Thursday, April 16, 2015

A HOLLYWOOD POETRY: 2001-2013 playlist companion.

The playlist below is composed of songs that resonated in one way or another during the period of 1988-1997 when I was a low-level participant in the Entertainment Industry.  Look for them on YouTube and/or your favorite streaming services; they make good background listening while reading a copy of my book HOLLYWOOD POETRY: 2001-2013 available here:
http://hollywoodpoetry.com

1. HEAVEN IN MY HANDS--Level 42
2. SUPERSONIC--JJ Fad
3. PENELOPE PLEASE--Terrence Trent D'Arby
4. GOODBYE MARLON BRANDO--Elton John
5. ELVIS IS DEAD--Living Colour w/Little Richard
6. SABOTAGE--Beastie Boys
7. SURE SHOT--Beastie Boys
8. TOY SOLDIERS--Martika
9. ANGEL DRESSED IN BLACK--Warren Zevon
10. THERE IS A VOICE--Squeeze
11. LITHIUM--Nirvana
12. CANTALOOP (FLIP FANTASIA)--us3
13. MEXICAN MOON--Concrete Blonde
14. FORTUNE TELLER--The Iguanas
15. SCARED OF GUNS--John Wesley Harding
16. SPLENDID ISOLATION--Warren Zevon
17. SOME FANTASTIC PLACE--Squeeze
18. MAS Y MAS--Los Lobos

Wednesday, April 15, 2015

New poem: YOU GET SO ALONE, INDEED

whatever one thinks of Charles Bukowski
as poet, lover, gambler, drinker,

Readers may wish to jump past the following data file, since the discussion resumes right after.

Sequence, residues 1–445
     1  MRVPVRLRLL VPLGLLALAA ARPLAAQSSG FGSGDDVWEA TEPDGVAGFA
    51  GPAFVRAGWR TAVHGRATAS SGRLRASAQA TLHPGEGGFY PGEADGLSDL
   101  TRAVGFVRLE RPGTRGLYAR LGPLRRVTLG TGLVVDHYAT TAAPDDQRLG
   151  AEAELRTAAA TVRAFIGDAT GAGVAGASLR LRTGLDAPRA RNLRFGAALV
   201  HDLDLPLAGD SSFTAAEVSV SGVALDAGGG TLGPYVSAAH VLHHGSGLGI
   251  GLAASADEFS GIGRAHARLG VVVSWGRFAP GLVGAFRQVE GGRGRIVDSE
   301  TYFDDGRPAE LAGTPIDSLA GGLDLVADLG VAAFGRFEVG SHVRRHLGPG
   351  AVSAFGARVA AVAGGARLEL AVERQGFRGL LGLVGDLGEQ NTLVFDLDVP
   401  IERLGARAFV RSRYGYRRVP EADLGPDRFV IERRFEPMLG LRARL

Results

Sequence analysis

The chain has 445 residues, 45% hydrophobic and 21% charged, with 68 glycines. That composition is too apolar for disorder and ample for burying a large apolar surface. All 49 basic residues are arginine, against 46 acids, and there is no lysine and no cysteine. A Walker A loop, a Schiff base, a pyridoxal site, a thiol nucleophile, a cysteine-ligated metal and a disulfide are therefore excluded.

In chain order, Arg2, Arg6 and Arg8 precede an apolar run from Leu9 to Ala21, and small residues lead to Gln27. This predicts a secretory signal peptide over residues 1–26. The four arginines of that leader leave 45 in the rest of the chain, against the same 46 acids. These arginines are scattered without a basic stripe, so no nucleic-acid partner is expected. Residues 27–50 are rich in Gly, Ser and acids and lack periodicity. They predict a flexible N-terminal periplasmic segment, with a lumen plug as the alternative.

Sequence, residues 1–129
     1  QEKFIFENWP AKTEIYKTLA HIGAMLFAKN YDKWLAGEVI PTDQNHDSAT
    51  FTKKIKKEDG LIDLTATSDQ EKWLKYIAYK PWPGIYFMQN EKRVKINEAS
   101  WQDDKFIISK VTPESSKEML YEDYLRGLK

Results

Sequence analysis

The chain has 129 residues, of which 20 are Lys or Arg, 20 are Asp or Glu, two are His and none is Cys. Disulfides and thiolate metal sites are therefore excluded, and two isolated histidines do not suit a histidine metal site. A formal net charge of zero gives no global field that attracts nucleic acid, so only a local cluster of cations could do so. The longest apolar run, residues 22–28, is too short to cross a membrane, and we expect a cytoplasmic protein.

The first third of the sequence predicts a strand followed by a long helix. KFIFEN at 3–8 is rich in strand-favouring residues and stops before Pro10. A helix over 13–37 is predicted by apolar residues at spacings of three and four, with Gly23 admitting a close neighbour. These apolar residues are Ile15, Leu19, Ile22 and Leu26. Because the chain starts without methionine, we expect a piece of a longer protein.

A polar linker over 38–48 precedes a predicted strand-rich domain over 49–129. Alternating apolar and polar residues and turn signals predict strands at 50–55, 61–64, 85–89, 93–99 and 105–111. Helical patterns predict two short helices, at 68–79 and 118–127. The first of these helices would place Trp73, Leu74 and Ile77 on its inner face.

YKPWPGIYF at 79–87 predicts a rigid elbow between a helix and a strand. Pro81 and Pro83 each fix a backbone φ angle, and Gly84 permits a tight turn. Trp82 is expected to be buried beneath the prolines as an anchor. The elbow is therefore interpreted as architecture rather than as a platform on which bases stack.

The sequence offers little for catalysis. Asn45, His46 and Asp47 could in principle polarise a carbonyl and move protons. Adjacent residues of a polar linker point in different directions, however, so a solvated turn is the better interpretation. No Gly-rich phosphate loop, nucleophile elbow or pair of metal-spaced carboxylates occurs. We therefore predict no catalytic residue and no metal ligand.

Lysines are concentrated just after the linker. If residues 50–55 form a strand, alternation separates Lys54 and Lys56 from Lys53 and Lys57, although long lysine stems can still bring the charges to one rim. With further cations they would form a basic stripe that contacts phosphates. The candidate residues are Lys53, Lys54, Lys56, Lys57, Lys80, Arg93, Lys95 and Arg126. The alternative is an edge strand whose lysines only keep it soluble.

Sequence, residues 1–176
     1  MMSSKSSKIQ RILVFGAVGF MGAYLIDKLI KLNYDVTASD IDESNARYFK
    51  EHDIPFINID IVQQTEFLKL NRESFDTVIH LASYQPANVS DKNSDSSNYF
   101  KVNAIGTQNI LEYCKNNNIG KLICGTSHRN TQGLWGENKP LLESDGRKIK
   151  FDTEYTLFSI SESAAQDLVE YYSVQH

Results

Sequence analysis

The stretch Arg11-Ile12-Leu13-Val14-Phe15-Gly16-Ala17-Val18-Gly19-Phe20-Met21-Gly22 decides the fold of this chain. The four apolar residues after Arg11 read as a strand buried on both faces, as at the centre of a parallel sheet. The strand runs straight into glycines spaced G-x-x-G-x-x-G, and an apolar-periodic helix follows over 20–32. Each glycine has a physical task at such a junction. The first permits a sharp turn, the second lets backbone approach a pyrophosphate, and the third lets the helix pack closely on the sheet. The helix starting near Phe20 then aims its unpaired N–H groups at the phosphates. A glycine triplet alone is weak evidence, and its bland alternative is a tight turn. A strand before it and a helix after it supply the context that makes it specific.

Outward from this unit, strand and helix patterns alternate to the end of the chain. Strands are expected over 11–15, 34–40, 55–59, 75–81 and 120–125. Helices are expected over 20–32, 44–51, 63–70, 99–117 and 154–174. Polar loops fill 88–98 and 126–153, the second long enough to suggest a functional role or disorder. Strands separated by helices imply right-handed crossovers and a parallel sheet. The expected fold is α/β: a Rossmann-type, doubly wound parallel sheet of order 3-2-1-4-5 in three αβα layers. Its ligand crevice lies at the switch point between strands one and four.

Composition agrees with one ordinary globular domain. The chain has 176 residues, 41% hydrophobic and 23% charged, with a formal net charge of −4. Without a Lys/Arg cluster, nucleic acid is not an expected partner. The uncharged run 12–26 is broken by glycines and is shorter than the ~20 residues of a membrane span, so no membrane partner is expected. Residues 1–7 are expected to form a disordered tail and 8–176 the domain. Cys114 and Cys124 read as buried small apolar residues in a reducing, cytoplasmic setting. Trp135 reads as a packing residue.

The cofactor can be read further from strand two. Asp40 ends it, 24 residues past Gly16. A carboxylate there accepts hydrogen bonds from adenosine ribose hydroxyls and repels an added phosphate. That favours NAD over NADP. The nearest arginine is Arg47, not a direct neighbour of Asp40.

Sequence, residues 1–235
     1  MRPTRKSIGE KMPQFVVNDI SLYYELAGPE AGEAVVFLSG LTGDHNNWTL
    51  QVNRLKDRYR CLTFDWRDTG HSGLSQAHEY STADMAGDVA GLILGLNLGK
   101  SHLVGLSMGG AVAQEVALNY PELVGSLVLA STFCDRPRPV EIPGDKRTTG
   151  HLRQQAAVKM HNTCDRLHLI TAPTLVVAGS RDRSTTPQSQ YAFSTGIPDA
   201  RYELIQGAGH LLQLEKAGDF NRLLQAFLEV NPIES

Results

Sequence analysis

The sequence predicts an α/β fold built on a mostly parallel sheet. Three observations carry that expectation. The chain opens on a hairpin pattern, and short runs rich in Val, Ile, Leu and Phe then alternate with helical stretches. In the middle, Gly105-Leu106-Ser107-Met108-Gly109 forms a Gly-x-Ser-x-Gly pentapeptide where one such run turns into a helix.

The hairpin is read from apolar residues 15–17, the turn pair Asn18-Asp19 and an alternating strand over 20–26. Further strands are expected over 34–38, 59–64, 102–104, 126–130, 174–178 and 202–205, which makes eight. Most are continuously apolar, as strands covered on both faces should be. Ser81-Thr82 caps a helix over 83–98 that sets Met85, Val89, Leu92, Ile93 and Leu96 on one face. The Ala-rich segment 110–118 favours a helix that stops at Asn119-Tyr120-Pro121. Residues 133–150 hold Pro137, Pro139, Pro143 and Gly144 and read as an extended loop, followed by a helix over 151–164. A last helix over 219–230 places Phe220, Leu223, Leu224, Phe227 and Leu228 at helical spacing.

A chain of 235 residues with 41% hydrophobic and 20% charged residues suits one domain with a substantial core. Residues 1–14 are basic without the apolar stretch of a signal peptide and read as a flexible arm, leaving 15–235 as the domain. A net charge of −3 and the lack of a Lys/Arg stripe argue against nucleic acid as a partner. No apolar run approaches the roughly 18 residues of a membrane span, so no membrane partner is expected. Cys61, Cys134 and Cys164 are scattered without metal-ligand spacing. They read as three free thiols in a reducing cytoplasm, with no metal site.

he (or his publisher) devised
one of the all-time-great book titles:
YOU GET SO ALONE
which serves as a definition
for life in Los Angeles
when you arrive
knowing almost no one
and feeling overpowered
by people pushing past you,
strangers refusing to talk
out of fear you might harm them,
cars with human voices yelling
LEARN TO DRIVE!
when you haven't mastered
the split-second timing
of yielding to oncoming traffic
before the light turns red
>
YOU GET SO ALONE
as you look for available work
to pay for rent and food
and hope to meet Angelenos
someday, somewhere
who haven't yet become granite statues
with pitiless eyes

Tuesday, April 14, 2015

New poem: CONTENTS OF JOURNALS PAST

no-longer-blank books on the shelf above me
reminding me of the way I used to write poems
one draft after another in blue or black ink
until they improved enough
to be tried out at open mics
>
other items in those books
including poems given to me
by poets no longer part of the scene
plus post-it notes with names
and addresses of poetry venues
that I eventually attended
>
in those days
before I became aware
of how unaware I was

Tuesday, April 7, 2015

My Frank Sinatra Reprise Records Playlist.

1. RING-A-DING-DING
2. I'M GETTING SENTIMENTAL OVER YOU
3. IMAGINATION